Dotted around the rugged landscape of Western Ireland and the Irish Sea are individual stones standing three or more feet out of the ground marked with symbols, mini-memorials that tell the stories of prominent people and tribes in the first language of the Irish more than 1,500 years ago.
View: Photos of the Day: Digitizing Ireland’s Ogham Inscribed Stones
Ogham stones are among Ireland’s most remarkable national treasures. These perpendicular-cut stones bear inscriptions in the unique Irish Ogham alphabet, use a system of notches and horizontal or diagonal lines/scores to represent the sounds of an early form of the Irish language. The stones are inscribed with the names of prominent people and sometimes tribal affiliation or geographical areas. These inscriptions constitute the earliest recorded form of the Irish language and, as the earliest written records dating back at least as far as the 5th century AD, are a significant resource for historians, as well as linguists and archaeologists.
3D scanning the stones in the rugged Irish landscape
Recently, many of the stones, in the ground in their many locations, were individually scanned for the sake of research and language preservation using an Artec, Eva hand-held scanner. Climbing mountains and walking through valleys, researchers carried their scanning equipment to advance the study of the Irish language; a heritage project supported by The Discovery Programme and the Dublin Institute for Advanced Studies.
According to Wikipedia: “There are roughly 400 known Ogham inscriptions on stone monuments scattered around the Irish Sea, the bulk of them dating to the 5th and 6th centuries. Their language is predominantly Primitive Irish, but a few examples record fragments of the Pictish language. Ogham itself is an Early Medieval form of alphabet or cypher, sometimes known as the “Celtic Tree Alphabet.”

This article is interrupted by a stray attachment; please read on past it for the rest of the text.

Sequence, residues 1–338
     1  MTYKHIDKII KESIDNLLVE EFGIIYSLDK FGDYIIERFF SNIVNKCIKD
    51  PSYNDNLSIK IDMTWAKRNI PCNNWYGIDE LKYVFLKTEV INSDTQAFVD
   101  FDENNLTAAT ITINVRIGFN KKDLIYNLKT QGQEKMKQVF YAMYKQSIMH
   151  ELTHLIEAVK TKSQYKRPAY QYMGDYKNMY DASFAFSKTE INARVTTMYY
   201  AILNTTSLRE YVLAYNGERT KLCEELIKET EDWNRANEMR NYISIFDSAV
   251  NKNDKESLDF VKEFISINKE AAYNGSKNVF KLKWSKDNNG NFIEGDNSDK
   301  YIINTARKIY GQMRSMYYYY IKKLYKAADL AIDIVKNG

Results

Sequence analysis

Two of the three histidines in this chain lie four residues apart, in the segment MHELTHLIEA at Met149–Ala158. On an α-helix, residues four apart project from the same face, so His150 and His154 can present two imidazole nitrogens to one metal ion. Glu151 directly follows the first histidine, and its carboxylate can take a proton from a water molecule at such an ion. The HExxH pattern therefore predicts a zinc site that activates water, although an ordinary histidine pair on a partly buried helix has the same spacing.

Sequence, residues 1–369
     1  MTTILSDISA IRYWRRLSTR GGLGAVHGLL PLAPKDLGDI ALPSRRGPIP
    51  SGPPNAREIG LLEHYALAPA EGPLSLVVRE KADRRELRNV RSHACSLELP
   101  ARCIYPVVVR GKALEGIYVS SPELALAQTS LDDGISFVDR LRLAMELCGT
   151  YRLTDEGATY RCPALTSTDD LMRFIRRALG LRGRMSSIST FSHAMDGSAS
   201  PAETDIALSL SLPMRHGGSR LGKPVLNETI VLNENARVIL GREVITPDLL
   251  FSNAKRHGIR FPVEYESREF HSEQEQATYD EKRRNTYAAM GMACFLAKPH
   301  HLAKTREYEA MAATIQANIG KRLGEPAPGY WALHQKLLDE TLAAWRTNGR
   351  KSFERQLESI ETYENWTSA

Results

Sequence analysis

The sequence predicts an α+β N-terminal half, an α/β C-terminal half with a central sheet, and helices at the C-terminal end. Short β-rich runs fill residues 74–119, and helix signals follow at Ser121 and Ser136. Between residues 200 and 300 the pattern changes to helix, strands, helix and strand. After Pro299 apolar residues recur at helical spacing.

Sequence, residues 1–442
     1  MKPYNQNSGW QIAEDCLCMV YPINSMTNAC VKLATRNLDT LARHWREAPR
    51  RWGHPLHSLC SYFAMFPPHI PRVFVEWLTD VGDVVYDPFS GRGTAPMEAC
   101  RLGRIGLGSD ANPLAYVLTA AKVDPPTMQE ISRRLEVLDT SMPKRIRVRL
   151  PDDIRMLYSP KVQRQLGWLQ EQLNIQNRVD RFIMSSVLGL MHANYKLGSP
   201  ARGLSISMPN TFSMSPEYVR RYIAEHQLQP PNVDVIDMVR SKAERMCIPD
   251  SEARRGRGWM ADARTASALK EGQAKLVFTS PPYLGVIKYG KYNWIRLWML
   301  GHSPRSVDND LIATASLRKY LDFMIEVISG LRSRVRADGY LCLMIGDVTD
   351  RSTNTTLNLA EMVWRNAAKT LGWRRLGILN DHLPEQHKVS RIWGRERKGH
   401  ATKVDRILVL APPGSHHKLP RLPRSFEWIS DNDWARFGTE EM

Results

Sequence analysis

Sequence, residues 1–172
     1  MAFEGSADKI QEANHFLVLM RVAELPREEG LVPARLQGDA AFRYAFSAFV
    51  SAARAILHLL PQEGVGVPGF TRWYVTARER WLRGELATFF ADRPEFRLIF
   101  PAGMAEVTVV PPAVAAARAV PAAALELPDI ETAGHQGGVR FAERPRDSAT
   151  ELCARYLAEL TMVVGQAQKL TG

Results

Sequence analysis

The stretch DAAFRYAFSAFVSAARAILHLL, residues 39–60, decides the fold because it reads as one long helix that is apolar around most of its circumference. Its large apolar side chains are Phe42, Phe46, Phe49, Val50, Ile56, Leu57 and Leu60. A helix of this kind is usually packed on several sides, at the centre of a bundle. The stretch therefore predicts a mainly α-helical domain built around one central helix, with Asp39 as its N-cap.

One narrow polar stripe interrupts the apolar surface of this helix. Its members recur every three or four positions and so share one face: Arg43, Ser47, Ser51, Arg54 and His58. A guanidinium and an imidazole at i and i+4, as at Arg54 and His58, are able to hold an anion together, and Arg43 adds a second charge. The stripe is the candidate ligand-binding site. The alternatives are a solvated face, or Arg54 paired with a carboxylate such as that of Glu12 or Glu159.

Over the centuries the stones continue to weather, slowly losing their inscriptions as the elements erode the carved language and symbols. Preserving these remnants of an ancient language – and capturing the physical depth of the writing and the shape of each stone – was a perfect application for advanced, portable, hand-held 3D scanning.
Scanning the stones
The stones vary in size, with an average height of approximately 1.5m. They are often located in remote and exposed parts of Ireland which adds to the challenge of getting to them and recording their inscriptions and physical shapes in a high resolution. A small forensics tent enclosed each stone, creating a mini, controlled lighting environment and to ensure measurements could proceed whatever the weather. To ensure sufficient power for the scanner and a laptop, a portable generator was often used. Most sites are rugged and remote and a long way from a source of electricity.
Scan settings / Resolution
Technically, the scanning was undertaken with the fastest speed setting and with a minimum of 400 mm depth of field. The data from the Artec Eva scanner was recorded with sufficient overlap between scans to ensure easy registration.
Stone Models & Outputs
Post-processing was done in Artec Studio 9 software. Individual scans were edited and aligned before the final surface was generated using global registration, fusion, and a small objects filter algorithm. If required, a textured surface could also be created. To complete the project the model was exported from Artec Studio 9 as an .obj file. For the purposes of information sharing and dissemination a 3D pdf of the model is generated (using Geomagic Studio 2012) and is available to download from the project website.
3D Scanning Results
3D scanning was deemed the best method for this recording because, after 15 centuries the Ogham inscriptions have become quite subtle due to weathering. 3D data also allows for the removal of color data which could perhaps reveal inscriptions which were previously unknown or hard to decipher. The geometry of the stone is likewise important and the data will allow desktop users to take measurements of the stones while they pursue their research into the first, ancient language of the people of Ireland.
Filed Under: Rapid prototyping